The Service Police Complaints Commissioner will mirror the arrangements used in the civilian system’s Independent Office for Police Conduct to ensure any complaints about service policing are handled independently.
In the past 12 months we’ve been reminded of the immense debt of gratitude we owe to our brave men and women.
They’ve stood shoulder-to-shoulder with our heroic NHS doctors and nurses on the frontline of the fight against the virus.
All the while, they’ve continued tirelessly guarding our seas, our skies and our borders and protecting our interests across the globe. They deserve to be treated with dignity and respect.
A decade ago our country promised to have their backs.
Our Armed Forces Bill, come what may, we will deliver on that promise.
 
A welcome development, as it will allow a bespoke response rather than the one size fits all service complaints system.

It will also allow a line to be drawn unde the issues and hopefully give some closure for families who have been let down. It will also prevent these ‘human rights’ lawyers who have made a living off grieving families.

I do find it ironic that Johnny Mercer is championing it, considering he is also campaigning to introduce a statute of limitations for offences committed on operations, making us *less* accountable.
 
The monkeys won’t like being policed, they don’t understand the concept.
 

crow_bag

War Hero
What was the process before this? If the monkies cocked something up was the only option a service complaint that would most likely get chinned off?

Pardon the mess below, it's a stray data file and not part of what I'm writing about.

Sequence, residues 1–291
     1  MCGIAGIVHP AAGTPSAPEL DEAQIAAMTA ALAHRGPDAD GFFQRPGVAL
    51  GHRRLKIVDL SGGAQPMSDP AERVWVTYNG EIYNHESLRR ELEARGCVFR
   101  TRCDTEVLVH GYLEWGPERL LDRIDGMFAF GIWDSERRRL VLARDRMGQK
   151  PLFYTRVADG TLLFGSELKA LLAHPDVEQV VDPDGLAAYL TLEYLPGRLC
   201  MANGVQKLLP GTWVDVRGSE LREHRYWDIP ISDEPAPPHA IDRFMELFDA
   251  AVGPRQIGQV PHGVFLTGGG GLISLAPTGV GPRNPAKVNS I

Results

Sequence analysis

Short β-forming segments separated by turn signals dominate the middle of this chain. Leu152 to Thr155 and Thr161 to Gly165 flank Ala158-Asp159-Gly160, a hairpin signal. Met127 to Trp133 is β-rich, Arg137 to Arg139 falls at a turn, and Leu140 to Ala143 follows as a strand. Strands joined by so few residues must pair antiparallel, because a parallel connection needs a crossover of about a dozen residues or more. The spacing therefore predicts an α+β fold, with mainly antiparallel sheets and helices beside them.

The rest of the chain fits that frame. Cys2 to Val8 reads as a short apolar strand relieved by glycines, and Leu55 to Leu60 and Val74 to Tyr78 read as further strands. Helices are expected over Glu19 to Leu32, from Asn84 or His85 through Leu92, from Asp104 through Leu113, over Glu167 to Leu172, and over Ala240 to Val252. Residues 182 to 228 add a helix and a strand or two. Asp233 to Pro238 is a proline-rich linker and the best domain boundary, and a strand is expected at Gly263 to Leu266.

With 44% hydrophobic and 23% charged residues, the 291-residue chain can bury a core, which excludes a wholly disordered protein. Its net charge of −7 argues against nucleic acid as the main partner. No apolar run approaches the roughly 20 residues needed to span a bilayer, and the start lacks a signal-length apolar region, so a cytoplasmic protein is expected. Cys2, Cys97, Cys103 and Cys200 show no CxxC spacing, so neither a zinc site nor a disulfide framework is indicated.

A welcome development, as it will allow a bespoke response rather than the one size fits all service complaints system.

It will also allow a line to be drawn unde the issues and hopefully give some closure for families who have been let down. It will also prevent these ‘human rights’ lawyers who have made a living off grieving families.

I suspect, like all the other avenues of complaints, accommodation, food, normal service complaints, that it wont be as useful as people might think it will be.
 
What was the process before this? If the monkies cocked something up was the only option a service complaint that would most likely get chinned off?
Service complaint, relevant bits referred to RMP Professional Standards.
 
I suspect, like all the other avenues of complaints, accommodation, food, normal service complaints, that it wont be as useful as people might think it will be.
True...
 

Daxx

MIA
Book Reviewer
The interesting bit will be who is appointed. In theory, noone with military connections, but in practice?
 
What do the monkey's do these days seeing as gheyness is now virtually mandatory?
 

shamrock

Old-Salt
will mirror the arrangements used in the civilian system’s Independent Office for Police Conduct to ensure any complaints about service policing are handled independently.
Mercer obviously has no idea about the IOPC. If the new group is to mirror the IOPC, then anyone making a complaint is literally wasting their time.
 

Yokel

LE
From here:

Maintaining the effectiveness of the Service Justice System

The Bill will also help deliver a series of improvements to the Service Justice System, ensuring personnel have a clear, fair and effective route to justice wherever they are operating. These include: